"Knowledge is power".
Sir Francis Bacon, Religious Meditations, Of Heresies, 1597
You've heard the above quote before, but have you thought how it relates to terrorism? Terrorists try to control us by causing fear that is unique to our environment. Hijackings, active shooters, VBIEDs, homicide bombers, etc.., keep law-abiding citizens hunkered down. People won't go to work, kids will not show up at school, businesses suffer from lack of productivity and lost earnings. Government revenue shrinks and financially everything gets worse everywhere. To combat terrorism, the police, homeland security, and other protection assets actively pursue terrorists before they have a chance to strike. The hope is to intercept terrorist activities while the event in still in the planning stages. Regardless of which side you are on, you need "knowledge" first in order to be able to cross the threshold between planning and action. One of the universal truths of law enforcement is this: "It's not what you know, but who you know". This statement has served me well over the course of my career and as my career grew, so did the list of those I knew.
At some point, we will leave "the service," and in whatever we do, we will lose sources of information such as NCIC, Lexis-Nexis, or other investigative support and "law enforcement sensitive" methods of information sharing. Once we lay down the badge, we lose our legitimacy in having a "need to know." We probably all have dreams of just retiring and finding that perfectly-nestled fishing spot to catch the big one, but the truth is that cops don't do that. We don't retire. Cops are A+ "go getters," and after spending the best part of our lives protecting others, we simply find another way of doing the same thing. That's why private security is such a huge draw for retired LEOs. Arguably, the world is more dangerous than it has ever been and private sector protection is growing more than ever before. The problem is the threat environment has changed in the business world, because the economy has changed. We are now global, which means more U.S. citizens are living abroad, more U.S. assets are "across the pond" and more and more people "over there" hate us here. In order to get a grip, you had better dust off that list to find those you once knew on the job in order to get up to speed. Chances are they've left policing as well. Where do some of the experts go after they retire?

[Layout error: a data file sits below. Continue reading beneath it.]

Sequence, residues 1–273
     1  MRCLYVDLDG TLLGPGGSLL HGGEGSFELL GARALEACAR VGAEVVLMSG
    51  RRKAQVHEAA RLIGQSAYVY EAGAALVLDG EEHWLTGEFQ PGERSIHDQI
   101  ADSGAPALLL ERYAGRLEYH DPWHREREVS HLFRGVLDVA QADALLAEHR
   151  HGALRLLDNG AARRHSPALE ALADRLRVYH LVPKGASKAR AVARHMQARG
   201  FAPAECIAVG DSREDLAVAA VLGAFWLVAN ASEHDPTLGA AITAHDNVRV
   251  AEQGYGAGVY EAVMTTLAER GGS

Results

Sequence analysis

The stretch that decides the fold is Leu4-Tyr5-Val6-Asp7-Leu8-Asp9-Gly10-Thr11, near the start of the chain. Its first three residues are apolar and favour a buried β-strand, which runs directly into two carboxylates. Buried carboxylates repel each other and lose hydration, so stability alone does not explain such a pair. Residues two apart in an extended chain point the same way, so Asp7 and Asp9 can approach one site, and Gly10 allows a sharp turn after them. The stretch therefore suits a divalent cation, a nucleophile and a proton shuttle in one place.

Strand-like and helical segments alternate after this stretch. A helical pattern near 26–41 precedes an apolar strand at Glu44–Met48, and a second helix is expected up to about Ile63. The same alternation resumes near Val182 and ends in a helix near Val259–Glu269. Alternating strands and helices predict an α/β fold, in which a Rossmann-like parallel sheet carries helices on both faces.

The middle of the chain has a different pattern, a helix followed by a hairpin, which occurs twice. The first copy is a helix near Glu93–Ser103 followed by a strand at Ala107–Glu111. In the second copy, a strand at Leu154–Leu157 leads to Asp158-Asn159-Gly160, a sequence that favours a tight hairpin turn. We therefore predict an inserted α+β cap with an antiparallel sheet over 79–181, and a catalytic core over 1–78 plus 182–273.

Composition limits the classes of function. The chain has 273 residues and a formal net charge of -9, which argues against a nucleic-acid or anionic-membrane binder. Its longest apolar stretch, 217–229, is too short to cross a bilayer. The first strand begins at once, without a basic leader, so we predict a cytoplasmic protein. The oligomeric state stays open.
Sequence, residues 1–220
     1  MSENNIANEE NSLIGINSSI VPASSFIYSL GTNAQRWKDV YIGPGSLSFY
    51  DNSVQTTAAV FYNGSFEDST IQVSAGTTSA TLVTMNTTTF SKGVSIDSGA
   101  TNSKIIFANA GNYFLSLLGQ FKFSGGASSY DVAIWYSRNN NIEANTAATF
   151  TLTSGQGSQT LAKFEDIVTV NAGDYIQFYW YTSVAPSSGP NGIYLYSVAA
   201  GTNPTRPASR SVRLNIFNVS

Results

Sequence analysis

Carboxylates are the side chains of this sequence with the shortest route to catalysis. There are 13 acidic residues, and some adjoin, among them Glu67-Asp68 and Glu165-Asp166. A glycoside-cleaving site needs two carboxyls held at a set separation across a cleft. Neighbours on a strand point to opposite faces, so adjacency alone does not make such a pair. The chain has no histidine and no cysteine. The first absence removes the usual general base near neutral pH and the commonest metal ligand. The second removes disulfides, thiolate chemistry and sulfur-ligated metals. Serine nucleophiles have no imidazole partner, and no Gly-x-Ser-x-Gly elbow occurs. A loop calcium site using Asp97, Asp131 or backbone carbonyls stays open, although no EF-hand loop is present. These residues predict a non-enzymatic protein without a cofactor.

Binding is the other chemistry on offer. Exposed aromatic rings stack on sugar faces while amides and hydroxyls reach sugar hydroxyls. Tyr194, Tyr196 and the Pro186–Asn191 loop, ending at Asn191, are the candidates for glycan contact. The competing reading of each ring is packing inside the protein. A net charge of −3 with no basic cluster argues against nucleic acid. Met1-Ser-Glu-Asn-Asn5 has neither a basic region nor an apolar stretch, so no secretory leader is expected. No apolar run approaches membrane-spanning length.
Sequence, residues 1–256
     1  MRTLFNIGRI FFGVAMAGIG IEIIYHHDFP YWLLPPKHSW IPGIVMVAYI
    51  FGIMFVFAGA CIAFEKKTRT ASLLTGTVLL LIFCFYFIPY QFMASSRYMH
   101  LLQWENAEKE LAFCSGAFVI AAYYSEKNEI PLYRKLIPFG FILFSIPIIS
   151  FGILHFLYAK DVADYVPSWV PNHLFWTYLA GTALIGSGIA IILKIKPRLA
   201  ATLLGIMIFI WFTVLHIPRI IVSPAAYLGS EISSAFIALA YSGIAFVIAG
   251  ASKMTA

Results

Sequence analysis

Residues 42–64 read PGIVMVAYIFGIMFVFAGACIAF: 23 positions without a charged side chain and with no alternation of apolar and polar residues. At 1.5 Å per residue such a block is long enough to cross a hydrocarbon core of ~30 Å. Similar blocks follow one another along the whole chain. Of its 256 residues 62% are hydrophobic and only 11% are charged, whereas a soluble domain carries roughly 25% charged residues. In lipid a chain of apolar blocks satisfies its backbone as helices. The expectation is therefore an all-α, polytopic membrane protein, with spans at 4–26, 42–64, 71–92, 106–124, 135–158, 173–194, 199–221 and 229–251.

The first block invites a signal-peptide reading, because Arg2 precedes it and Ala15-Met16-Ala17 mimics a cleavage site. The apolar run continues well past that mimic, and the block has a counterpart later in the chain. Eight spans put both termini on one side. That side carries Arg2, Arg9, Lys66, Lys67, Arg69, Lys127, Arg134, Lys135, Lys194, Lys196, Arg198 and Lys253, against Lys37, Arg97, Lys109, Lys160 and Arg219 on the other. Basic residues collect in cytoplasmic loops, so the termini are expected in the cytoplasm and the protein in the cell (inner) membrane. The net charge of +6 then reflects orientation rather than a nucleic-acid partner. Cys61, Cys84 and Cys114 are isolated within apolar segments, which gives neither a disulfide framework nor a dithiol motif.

The purpose of the Anti-Terrorism Accreditation Board (ATAB) , according to Chairman of the Board Dr. John Spears, Ph.D., was "to bridge the gap" between public and private protection efforts. ATAB is a private, not-for-profit organization that seeks to transmit specialist knowledge about anti-terrorism to its members across the broad spectrum of the security field. Ultimately, ATAB "trains and certifies Terrorism Responders" and by doing so, serves as an anti-terrorism information clearing house and communications web-based switchboard. Organizationally, the dissemination of information is accomplished through committees & training materials